No Place Like Home

Maude ran a finger along the shelf ‘Nurse Simmons!’ she called out. ‘More attention to the dust and less to the new registrar if you don’t mind!’ Her senior staff nurse glanced briefly at Dr Tate, raised an eyebrow and hurried back to give the shelving another wipe over with a damp cloth. ‘All done Sister Jenks’ she announced a few minutes later, inviting inspection with a drift of her eyes towards the unit. Maude raised her chin and looked down under her glasses, a formidable matron-in-waiting whose middle name must surely be ‘Dettol’. She swept down the centre of … Continue reading No Place Like Home

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Not David Attenborough

The ice rat scuffed at the frozen tundra, came up with something apparently satisfactory, and scampered off to its burrow. Four more days of filming and we could head north to the Serengeti, that would be warmer for my old bones. I hitched up and rearranged my knees as discreetly as possible, sending two of the juveniles tumbling back into the burrow and ruining the shots we’d been waiting for all day, shit! Mutterings from the crew; the words ‘past it’ and ‘decrepit bloody baggage’  were allowed to float my way. So much for respect. Thirty years of wildlife filming, … Continue reading Not David Attenborough

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Madness

I want to preface this story with some thoughts. The title was a given, a course exercise, and not a choice as such, but I did have a choice about where I went with it. As a professional working for a large mental health and learning disability Trust and in the context of current campaigns to eliminate stigma, I’m bound to say something about how I arrived at this grim image. The exercise was one of perspective and the result is fiction, not fact. That said, I have worked as a nurse in conditions not dissimilar from these and observed … Continue reading Madness

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Dennis

Dennis is a case alright. Big, thick-set, yellow hair thinning on top now he’s hitting forty. I’ve known him for years; first when his exasperated mum hauled him into the Centre hoping to get him fixed and him trailing behind with a wicked grin tweaking his mouth in which was stuffed the Mars Bar he’d half-inched from our shop. Dennis was a LAD. Any smarter and he’d have been real trouble but, his style cramped by what his dad had referred to as ‘defective head-gear’ before clearing off to leave his mum with it all, he was limited to shouting, … Continue reading Dennis

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Drosophila Melanoghastly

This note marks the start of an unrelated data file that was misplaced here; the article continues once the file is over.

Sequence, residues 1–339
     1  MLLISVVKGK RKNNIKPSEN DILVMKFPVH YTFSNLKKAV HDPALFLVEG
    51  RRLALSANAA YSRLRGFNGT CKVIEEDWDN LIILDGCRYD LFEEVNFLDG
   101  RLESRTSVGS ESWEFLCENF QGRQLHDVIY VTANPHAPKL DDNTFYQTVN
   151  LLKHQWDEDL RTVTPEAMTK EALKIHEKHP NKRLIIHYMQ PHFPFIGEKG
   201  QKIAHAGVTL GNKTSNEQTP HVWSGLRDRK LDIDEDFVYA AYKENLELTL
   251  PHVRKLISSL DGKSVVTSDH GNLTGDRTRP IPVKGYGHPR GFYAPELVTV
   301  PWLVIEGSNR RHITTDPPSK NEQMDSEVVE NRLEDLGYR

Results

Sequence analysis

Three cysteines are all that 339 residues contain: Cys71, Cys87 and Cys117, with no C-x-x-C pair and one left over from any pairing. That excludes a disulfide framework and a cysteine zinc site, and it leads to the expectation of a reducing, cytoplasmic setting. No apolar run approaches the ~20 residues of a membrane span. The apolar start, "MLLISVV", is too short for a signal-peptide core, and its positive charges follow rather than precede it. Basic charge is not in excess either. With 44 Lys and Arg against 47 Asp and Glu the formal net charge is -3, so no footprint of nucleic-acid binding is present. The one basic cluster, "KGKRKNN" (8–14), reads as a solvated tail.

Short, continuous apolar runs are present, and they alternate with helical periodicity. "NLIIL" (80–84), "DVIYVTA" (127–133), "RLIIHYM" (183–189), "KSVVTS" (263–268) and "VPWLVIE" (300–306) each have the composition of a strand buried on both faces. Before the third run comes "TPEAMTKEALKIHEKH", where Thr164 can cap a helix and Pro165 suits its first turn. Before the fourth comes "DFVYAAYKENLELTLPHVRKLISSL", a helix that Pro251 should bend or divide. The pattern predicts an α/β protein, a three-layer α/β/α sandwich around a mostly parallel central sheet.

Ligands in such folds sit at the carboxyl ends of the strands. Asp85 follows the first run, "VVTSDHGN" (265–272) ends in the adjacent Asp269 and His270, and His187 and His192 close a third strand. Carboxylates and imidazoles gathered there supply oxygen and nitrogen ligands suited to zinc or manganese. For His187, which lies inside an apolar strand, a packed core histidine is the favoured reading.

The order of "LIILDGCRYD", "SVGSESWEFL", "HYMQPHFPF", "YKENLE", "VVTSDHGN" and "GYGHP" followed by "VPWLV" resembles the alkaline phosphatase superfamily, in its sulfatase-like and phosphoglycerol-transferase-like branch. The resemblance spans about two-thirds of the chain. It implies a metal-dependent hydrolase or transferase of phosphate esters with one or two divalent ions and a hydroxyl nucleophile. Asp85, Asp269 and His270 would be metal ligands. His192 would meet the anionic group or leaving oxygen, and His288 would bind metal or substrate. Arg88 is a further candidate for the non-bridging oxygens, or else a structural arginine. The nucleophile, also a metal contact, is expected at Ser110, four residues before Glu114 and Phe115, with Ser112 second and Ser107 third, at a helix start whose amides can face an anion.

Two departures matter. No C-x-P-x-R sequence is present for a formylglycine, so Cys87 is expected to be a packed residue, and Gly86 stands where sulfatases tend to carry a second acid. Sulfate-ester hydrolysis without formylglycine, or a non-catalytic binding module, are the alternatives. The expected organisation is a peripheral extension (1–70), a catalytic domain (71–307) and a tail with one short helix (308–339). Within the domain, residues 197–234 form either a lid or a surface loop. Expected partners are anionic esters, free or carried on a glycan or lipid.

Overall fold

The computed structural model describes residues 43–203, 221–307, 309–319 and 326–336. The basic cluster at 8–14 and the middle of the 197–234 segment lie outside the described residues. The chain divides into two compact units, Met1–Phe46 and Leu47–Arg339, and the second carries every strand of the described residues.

She opened the lid of the sink-side depository into which peelings, vegetable off-cuts and abandoned fruit were placed in the interests of her personal composting crusade. It had been recently emptied and a squadron of disenfranchised fruit flies scrambled and took to the air, wheeling around in search of suitable pay-dirt. A banana skin! They descended. ‘Death by drosophila!’ she thought, a smile creeping sideways onto her mouth and occupying a good two thirds before slipping off as the thought of cooking dinner for six re-surfaced. What was it about husbands that enabled them to forget their wives’ culinary ineptitudes … Continue reading Drosophila Melanoghastly

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Prune-Ella, Queen of the Dessert

Cynicism. A withering of the heart through repeated, constant, undeserved criticism of genuine and meritorious effort? Well not desolation or abuse that’s for sure; those give rise to defeat, hatred, uncomplicated self-destruction by the slow degrees of personal deconstruction. No, cynicism has a sense of survival to it, vengeance even. It is veiled power, happy to bide its time, content to stalk its target until the moment and the words are most apposite. Cynicism is miserable nastiness out in a posh frock and allowed to mix with its targets. Ah but bitching, that’s a much more entertaining option. Perhaps bitching … Continue reading Prune-Ella, Queen of the Dessert

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Marmite: an inadvertent exercise in perspective writing

Narrator ‘I hate it, it’s horrible!’ ’There’s nothing wrong with it. Get it down or there’s no afters’ ‘But Dad!’ ‘Sammy, I’m warning you!’ ‘Jason says it’s witches’ poo!’ ‘Samantha!’ (‘Samantha‘– that meant trouble) ’Finish it now or you go to your room with no TV, understand?’ Sammy’s mouth turned down at the edges. Her bottom lip started to protrude and quiver. Her shoulders started to chug up and down and her fists tightened on the Sunday tablecloth. She sucked in a huge breath though distress-flared nostrils and she howled. It was an eyes-screwed-up, face the colour of the abandoned … Continue reading Marmite: an inadvertent exercise in perspective writing

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